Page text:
From ideas to to-do lists, we store everything on our phones. I don’t even remember the last time I tried to memorize a phone number. And for taking notes during a meeting, like most people, I use the notes app rather than a traditional paper item. The convenience is two-fold: we don’t have to carry extra items à la a notebook as our phones are always with us, and we don’t have to remember anything as everything is a click away.
As my smartphone usage has increased, my memory has gotten progressively worse and oftentimes I don’t even bother spelling correctly because I know autocorrect has my back. There is research already out there stating that smartphone use worsens our memory.
Now, new research from Japan has shown that a faster way of remembering things is going back to putting pen to paper. Published in Frontiers in Behavioral Neuroscience, the paper found that brain activity in recalling tasks is boosted when we write using our hands when compared to taking notes on a tablet or smartphone. The study also found that writing on paper is 25% faster for taking notes than using digital aides like phones.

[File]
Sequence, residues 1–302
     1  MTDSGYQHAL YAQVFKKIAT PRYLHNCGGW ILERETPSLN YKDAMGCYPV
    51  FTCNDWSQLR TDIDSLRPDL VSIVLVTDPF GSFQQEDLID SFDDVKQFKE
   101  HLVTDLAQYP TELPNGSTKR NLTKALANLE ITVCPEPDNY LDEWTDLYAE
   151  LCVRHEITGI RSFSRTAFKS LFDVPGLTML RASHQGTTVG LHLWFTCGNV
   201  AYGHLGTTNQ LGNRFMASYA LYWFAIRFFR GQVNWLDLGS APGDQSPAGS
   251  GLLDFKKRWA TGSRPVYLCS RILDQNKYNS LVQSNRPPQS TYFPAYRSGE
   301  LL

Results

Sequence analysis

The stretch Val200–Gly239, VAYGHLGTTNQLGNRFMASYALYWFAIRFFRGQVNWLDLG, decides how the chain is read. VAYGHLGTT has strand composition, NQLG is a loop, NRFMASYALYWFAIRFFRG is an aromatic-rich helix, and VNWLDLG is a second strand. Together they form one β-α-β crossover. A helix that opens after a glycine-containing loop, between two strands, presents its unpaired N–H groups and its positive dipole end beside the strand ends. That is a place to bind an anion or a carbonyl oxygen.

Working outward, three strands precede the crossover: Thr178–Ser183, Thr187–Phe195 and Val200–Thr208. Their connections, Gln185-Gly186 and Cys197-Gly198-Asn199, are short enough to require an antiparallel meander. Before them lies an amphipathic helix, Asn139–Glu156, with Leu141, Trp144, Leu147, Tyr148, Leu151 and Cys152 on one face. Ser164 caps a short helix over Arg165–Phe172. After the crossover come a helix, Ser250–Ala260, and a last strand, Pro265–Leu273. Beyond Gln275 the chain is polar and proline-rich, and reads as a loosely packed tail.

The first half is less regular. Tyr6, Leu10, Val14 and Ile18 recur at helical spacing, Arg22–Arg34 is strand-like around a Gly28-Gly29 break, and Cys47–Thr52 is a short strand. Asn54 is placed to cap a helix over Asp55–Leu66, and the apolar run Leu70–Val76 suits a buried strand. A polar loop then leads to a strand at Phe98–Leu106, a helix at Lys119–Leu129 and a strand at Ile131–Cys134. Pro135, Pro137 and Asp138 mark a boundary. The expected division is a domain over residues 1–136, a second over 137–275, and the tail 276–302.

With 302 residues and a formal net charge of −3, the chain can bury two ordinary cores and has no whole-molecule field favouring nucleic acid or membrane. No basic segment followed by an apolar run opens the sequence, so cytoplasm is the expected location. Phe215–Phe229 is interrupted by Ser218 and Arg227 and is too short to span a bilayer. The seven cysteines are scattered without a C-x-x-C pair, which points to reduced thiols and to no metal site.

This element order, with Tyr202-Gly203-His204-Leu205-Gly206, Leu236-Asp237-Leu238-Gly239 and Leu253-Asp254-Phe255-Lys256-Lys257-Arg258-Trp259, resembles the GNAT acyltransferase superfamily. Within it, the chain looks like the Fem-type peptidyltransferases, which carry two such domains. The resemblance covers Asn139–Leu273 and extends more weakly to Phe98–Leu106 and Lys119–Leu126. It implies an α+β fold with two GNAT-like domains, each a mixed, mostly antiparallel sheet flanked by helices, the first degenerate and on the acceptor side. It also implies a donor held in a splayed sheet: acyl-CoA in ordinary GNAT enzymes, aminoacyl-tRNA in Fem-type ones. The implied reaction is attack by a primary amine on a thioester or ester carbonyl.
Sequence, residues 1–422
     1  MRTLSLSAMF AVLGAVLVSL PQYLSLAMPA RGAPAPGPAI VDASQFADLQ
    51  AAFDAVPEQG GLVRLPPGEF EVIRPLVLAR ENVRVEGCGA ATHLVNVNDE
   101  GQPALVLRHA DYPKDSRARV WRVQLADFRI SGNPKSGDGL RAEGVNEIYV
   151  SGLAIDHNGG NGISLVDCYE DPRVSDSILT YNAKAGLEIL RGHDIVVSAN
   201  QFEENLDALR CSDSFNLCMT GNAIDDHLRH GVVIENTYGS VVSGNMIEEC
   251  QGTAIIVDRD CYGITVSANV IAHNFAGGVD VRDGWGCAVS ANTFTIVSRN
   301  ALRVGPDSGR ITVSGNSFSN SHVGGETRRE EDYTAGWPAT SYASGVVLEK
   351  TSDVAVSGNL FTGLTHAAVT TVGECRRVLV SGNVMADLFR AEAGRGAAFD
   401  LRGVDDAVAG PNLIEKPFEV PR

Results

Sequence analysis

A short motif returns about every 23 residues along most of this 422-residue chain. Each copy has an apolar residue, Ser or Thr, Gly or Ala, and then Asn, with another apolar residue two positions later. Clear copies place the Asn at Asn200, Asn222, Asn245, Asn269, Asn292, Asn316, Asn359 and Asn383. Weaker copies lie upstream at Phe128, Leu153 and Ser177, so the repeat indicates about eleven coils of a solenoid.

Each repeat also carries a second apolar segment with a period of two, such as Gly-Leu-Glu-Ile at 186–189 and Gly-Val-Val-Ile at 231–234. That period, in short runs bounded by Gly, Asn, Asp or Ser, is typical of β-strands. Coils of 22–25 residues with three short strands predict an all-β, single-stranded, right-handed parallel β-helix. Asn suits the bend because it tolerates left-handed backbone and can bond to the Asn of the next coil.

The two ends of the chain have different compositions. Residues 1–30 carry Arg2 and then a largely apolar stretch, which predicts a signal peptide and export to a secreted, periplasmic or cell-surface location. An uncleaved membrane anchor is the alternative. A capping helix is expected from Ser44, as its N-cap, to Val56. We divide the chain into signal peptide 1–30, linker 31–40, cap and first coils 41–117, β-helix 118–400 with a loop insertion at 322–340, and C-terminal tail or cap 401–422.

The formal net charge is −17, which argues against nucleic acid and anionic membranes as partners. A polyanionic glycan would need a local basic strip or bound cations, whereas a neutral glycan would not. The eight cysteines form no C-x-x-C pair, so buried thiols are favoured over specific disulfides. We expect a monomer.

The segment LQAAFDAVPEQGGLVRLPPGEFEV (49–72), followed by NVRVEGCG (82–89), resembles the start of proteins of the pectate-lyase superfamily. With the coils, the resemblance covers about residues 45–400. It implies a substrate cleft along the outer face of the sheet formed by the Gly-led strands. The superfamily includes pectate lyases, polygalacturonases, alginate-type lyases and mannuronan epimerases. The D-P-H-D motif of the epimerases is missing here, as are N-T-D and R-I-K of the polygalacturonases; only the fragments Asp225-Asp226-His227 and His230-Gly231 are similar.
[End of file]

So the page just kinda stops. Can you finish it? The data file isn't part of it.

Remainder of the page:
There is research already out there stating that smartphone use worsens our memory.
“Actually, paper is more advanced and useful compared to electronic documents because paper contains more one-of-a-kind information for stronger memory recall,” Kuniyoshi L. Sakai, a neuroscientist at the University of Tokyo and corresponding author of the research, said in a press release.
In the study, 48 volunteers were asked to memorize schedules from a fictional conversation between characters discussing their daily plans for two months. Volunteers were then given one hour to write down the fictional schedule using a paper notebook and pen, a calendar app on a tablet and a stylus, or a calendar app on a smartphone.
Those using smartphones were the slowest, talking about 16 minutes to fill the calendar, while those using the tablets took 14. The volunteers who used a paper datebook and pen filled it in 11 minutes.
“Digital tools have uniform scrolling up and down and standardized arrangement of text and picture size, like on a webpage,” Sakai explained. “But if you remember a physical textbook printed on paper, you can close your eyes and visualize the photo one-third of the way down on the left-side page, as well as the notes you added in the bottom margin.”
The researchers also noted that one way of reducing the memory gap between digital and analogue tools could be personalization of digital documents by highlighting, underlining, circling, or other types of marking techniques we use while writing on paper.
Editor’s note: The article and headline erroneously stated that writing on paper improves memory. This has now been amended. We regret the error.